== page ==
Even ISPO veterans are eager to open new accounts, and ISPO for them serves as a perfect place to learn about emerging markets. California-based Vision Skateboards attended ISPO during the company’s heydays in the 80s, and has again been attending consistently since 1995. “Most of our distributors from Europe come to the show, and it gives us a good opportunity to show our new products and also meet them in person,” says Vision Vice President Of Overseas Sales Tom Torgerson. “In regards to the shops, we always refer them to our distributors. Our German distributor has staff at our stand to handle German shops.”
The mix of company reps and European-distributor staff in the booths gives ISPO a distinct United Nations flair. Globe shoes, for instance, brings staff from its Australian and U.S. headquarters to mmix it up with European reps, and Sole Tech included U.S.-based R&D staff in its booth party, as well as Swiss, Italian, and Austrian distributors.
Fears that the further effects of the 9/11 attacks on the U.S. recession would manifest at ISPO proved false. Attendance and sales activity was up, and most skate companies report having a successful show. “There is always something to complain about–bad winter, war, et cetera,” says Rusty European Export Sales Manager Greg Hauswirth. “But we’re not focused on those things. Our industry continues to grow, and so do we.”
U.S.-based companies who show at both domestic and international trade shows like ISPO are able to compare and contrast the tendencies of each market, though Europe itself is a cornucopia of tastes and tendencies. “It’s impossible to compare European retailers to U.S. retailers, because Europe is compromised of so many countries of different environments: cultural, economic, political, geographic, et cetera,” says Sole Tech’s Fernandez. “Some countries are not doing as well as U.S. retailers, but some seem to be doing much better. The European retailers are definitely more price-driven than the U.S. retailers seem to be. There are different competitive forces in Europe, and many European apparel and snowboard-boot companies are able to satisfy both a product and pricing need for the retailers there.”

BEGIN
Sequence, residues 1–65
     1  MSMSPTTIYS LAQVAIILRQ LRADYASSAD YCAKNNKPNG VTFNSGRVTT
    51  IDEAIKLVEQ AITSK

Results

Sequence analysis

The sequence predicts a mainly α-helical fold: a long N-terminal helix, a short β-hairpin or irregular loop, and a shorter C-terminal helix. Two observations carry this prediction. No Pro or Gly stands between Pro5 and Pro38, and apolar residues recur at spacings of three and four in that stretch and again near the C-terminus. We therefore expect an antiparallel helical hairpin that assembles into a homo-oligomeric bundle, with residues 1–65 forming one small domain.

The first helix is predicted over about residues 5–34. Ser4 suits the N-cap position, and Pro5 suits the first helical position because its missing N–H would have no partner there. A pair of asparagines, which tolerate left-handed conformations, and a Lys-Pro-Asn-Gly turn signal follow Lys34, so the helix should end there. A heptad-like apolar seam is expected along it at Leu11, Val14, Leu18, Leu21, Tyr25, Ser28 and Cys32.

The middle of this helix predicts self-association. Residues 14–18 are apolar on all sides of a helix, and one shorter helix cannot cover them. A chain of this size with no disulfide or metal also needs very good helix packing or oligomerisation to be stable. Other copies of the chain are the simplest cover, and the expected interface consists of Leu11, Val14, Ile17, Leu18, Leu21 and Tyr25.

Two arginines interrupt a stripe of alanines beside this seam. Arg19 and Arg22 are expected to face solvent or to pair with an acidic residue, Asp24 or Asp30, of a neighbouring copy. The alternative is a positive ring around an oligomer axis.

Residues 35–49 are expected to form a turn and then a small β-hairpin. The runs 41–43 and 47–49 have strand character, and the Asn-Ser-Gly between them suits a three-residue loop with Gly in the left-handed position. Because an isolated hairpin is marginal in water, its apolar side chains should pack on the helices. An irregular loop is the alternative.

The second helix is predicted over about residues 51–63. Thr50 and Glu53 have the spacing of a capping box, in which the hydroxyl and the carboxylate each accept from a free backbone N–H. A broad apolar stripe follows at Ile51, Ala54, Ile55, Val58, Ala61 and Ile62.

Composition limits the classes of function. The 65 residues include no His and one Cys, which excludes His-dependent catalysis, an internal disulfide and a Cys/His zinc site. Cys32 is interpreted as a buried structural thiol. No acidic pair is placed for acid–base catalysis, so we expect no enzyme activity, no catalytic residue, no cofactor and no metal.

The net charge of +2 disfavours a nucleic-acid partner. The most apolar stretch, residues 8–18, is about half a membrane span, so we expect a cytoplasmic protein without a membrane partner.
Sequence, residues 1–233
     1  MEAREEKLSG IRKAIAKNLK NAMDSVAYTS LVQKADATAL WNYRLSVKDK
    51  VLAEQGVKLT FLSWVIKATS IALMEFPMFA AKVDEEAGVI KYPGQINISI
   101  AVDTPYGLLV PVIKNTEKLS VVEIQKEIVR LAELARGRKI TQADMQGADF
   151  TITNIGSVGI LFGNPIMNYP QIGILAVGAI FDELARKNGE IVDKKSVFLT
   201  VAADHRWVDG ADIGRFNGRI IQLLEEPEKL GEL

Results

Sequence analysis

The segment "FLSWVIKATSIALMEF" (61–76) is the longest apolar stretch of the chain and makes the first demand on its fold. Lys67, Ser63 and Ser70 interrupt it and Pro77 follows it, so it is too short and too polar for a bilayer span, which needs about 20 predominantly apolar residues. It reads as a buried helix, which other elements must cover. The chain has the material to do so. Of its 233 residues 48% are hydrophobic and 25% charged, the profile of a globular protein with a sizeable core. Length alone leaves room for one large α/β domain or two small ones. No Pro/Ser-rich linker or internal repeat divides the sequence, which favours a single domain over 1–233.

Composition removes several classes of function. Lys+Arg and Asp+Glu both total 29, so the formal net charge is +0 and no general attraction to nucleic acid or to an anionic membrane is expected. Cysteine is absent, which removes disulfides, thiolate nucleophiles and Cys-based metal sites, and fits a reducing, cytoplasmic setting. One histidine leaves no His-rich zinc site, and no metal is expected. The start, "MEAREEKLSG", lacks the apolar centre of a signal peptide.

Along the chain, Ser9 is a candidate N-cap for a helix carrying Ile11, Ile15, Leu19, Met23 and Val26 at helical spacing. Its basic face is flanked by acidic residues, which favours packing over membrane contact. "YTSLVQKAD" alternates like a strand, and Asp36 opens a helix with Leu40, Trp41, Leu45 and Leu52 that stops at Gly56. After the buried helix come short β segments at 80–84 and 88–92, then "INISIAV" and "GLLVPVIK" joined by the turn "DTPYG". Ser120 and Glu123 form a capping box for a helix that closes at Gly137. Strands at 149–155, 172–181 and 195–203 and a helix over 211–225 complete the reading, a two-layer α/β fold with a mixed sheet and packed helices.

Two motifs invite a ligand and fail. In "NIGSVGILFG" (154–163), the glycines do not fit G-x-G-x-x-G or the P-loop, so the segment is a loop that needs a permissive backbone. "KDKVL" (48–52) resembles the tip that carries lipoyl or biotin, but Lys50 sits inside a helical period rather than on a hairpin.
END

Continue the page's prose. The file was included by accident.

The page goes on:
“European customers are more focused on details and have to be motivated to take the brand in their stores,” says Rusty’s Hauswirth. “The U.S. customers are basically stoked and know what they want.”
The Eastpack Soul Skate Invitational contest, sponsored by Etnies and Carhartt, was the hit of the fair. It lent an energetic focus to ISPO’s action-sports sector, and served as the common language that everyone there understood and appreciated. Winners included Giorgio Zattoni in the vert and vert-best-trick events, and Oli Burgin on the mini ramp. The Summer ISPO will be held August 3-6, 2002. Check out ispo.com for details.
Eastpack Soul Skate Invitational ResultsVert
1. Giorgio Zattoni
2. Ali Cairns
3. Terence Bougdour
1. Giorgio Zattoni
2. Ali Cairns
3. Jussi Korhonen
1. Oli Burgin
2. Hans Klaasen
3. Roman Hackl